• The study found that emergency department visits related to cannabis in California rose sharply among older adults from 2013 to 2017, but plateaued after 2017 following the implementation of the state’s legalization program. Based on these findings, the researchers note that legalizing recreational marijuana does not appear to be associated with higher emergency department visits among older adults.

Data from the Healthcare Access and Information Administration shows that the number of emergency department visits by seniors in California related to cannabis use increased from 20.7 per 100,000 visits in 2005 to 395 per 100,000 visits in 2019.

Read more here.

100 deaths now linked to infant hunter sleep recalled

The Consumer Product Safety Commission announced Monday that at least 100 deaths have been linked to the now-recalled Fisher-Price rock and play slimes, a number more than triple the number of deaths initially reported.

A note to consumers on the authority’s website says they “should stop using Rock ‘n Play immediately and contact Fisher-Price for a refund or receipt”.

The commission added that it was “unlawful to sell or distribute recovered sleep sleepers”.

  • A recall was issued from the giant children’s toy production company in April 2019. At that time, more than 30 deaths have been linked to the product. The commission said the deaths occurred after “children were rolled from their back onto their stomach or side while unrestrained or in other circumstances”.
  • Since the initial recall, about 70 other deaths have been linked to the product. At least eight of these deaths were reported after the initial recall was announced.

Read more here.

Officials turn the Medicare and Social Security talks against the GOP

The White House is turning the tables on House Republican lawmakers when it comes to conservative-led spending proposals that Democrats warn could mean cuts to crucial programs like Medicare and Social Security.

The Biden administration is already building on a strategy it released during the midterm season in which it highlighted talk from several Republican congressional lawmakers about how they plan to use their new House majorities to consider cuts to entitlement programs like Social Security and Medicare.

Strategists and White House officials believe the prospect of Republicans holding the debt ceiling hostage in exchange for spending cuts is both dangerous economically and a political loser for the GOP.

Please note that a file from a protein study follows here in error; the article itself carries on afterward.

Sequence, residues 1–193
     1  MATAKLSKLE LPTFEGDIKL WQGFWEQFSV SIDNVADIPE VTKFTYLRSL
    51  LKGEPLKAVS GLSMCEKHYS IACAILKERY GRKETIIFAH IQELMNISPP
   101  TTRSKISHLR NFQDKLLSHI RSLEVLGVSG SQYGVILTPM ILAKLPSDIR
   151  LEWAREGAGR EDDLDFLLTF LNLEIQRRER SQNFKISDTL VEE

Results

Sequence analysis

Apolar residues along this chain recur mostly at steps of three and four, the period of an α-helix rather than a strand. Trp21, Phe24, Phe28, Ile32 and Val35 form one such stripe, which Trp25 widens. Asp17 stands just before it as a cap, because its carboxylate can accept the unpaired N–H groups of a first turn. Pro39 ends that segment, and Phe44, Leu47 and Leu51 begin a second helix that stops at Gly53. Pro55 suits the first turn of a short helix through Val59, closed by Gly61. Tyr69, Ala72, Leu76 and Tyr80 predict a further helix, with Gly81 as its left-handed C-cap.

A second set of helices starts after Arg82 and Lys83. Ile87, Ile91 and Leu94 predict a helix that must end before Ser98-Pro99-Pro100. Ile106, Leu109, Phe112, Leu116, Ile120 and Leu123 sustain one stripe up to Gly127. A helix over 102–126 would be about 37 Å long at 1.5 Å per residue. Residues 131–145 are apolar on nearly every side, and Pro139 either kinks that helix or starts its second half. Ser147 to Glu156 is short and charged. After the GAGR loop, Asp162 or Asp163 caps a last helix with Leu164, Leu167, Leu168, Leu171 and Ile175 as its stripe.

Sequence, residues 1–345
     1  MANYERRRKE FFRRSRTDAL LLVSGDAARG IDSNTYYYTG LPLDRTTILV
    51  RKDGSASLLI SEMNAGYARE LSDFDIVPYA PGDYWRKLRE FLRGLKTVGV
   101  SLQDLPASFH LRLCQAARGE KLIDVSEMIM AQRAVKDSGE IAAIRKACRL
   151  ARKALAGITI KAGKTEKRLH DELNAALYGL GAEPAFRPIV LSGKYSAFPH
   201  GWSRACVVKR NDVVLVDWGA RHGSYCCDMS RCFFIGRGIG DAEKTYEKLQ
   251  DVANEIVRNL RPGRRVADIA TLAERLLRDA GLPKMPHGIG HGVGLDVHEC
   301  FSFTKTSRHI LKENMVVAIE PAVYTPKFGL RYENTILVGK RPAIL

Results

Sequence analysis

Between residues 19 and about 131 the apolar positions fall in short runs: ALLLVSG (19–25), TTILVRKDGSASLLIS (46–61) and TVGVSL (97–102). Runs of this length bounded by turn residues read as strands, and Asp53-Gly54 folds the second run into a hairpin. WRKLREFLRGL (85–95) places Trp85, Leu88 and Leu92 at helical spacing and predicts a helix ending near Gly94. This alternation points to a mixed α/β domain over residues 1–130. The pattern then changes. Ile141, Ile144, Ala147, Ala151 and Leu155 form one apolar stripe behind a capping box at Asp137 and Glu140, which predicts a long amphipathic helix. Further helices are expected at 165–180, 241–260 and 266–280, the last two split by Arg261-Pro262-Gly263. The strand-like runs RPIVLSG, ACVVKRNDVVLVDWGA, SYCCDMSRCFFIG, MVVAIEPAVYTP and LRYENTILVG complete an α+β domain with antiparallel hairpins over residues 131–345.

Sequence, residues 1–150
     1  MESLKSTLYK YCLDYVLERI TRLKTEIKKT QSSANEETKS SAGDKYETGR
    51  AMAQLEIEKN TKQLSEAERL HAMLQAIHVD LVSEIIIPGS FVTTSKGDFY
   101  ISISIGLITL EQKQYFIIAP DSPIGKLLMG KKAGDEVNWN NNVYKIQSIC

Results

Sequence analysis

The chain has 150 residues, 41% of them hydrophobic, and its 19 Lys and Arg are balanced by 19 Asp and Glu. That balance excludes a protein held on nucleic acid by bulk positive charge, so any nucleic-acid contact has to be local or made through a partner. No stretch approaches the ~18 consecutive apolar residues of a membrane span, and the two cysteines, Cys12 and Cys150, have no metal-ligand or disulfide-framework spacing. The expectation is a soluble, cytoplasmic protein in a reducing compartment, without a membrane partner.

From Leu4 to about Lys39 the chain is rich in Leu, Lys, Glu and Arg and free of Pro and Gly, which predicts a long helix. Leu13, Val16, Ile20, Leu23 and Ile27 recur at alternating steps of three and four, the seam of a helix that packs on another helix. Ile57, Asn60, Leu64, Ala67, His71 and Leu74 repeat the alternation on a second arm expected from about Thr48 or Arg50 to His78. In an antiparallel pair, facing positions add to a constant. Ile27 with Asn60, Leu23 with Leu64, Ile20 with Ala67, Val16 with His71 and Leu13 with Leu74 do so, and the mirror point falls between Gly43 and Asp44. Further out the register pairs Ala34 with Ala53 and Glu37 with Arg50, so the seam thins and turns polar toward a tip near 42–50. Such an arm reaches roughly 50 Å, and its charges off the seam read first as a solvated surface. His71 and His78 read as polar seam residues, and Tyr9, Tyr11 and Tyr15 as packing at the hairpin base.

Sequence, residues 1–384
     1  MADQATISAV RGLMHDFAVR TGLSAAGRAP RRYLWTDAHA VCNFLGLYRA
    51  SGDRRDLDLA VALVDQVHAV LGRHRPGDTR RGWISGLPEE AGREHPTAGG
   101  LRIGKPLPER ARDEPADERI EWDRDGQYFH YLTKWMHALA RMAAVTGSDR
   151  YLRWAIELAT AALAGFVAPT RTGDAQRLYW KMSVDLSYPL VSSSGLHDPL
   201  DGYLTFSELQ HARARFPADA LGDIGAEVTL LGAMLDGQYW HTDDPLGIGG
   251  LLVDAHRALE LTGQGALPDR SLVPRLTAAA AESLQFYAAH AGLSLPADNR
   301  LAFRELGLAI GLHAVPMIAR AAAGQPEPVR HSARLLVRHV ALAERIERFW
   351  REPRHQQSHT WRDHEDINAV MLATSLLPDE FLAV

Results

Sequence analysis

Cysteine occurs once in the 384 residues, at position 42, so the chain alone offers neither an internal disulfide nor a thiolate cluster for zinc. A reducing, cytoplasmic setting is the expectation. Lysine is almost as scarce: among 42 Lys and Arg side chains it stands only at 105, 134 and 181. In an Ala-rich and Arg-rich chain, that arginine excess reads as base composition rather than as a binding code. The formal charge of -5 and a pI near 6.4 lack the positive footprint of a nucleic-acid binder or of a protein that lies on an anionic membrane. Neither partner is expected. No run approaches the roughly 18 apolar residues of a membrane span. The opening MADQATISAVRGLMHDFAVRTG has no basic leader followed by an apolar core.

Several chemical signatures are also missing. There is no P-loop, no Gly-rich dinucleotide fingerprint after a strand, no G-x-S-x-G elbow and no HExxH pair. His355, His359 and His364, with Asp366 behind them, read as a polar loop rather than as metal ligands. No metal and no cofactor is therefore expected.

When it came to the battle of speakers, seven hardline Republicans included requests to limit spending as part of their many demands last month to Rep. Kevin McCarthy (R-Calif.).

  • But some Republicans insist Medicare and Social Security should not be compromised, just as many conservatives distanced themselves from Sen. Rick Scott (R-FL) proposing last year to offer funding for those programs to vote every five years. .
  • House Oversight Committee Chairman James Comer (R-KY) said Sunday that while Republicans want to balance the budget and make spending cuts, that includes “every area of ​​state government except Social Security and Medicare.”

Read more here.

what we read

  • For the new GOP House majority, focus on abortion messages (Roll Call)
  • Research indicates that the Food and Drug Administration (FDA) pathway to clear medical devices puts patients at risk (stat)
  • Experts say hospitals’ use of volunteer staff threatens to circumvent labor laws (Kaiser Health News)

State by state

  • Nurses extend the strike for a second day at two major hospitals in New York City (The New York Times)
  • New California Senate health chair to prioritize mental health and homelessness (Los Angeles Times)
  • Lawsuit challenges use of antiquated lethal injection drugs as Texas prepares to execute Robert Fratta (Texas Tribune)

OP-ED at the hill

Nurses deserve better, but strikes aren’t the answer

That’s it for today, thanks for reading. Check out The Hill’s Health care page For the latest news and coverage. see you tomorrow.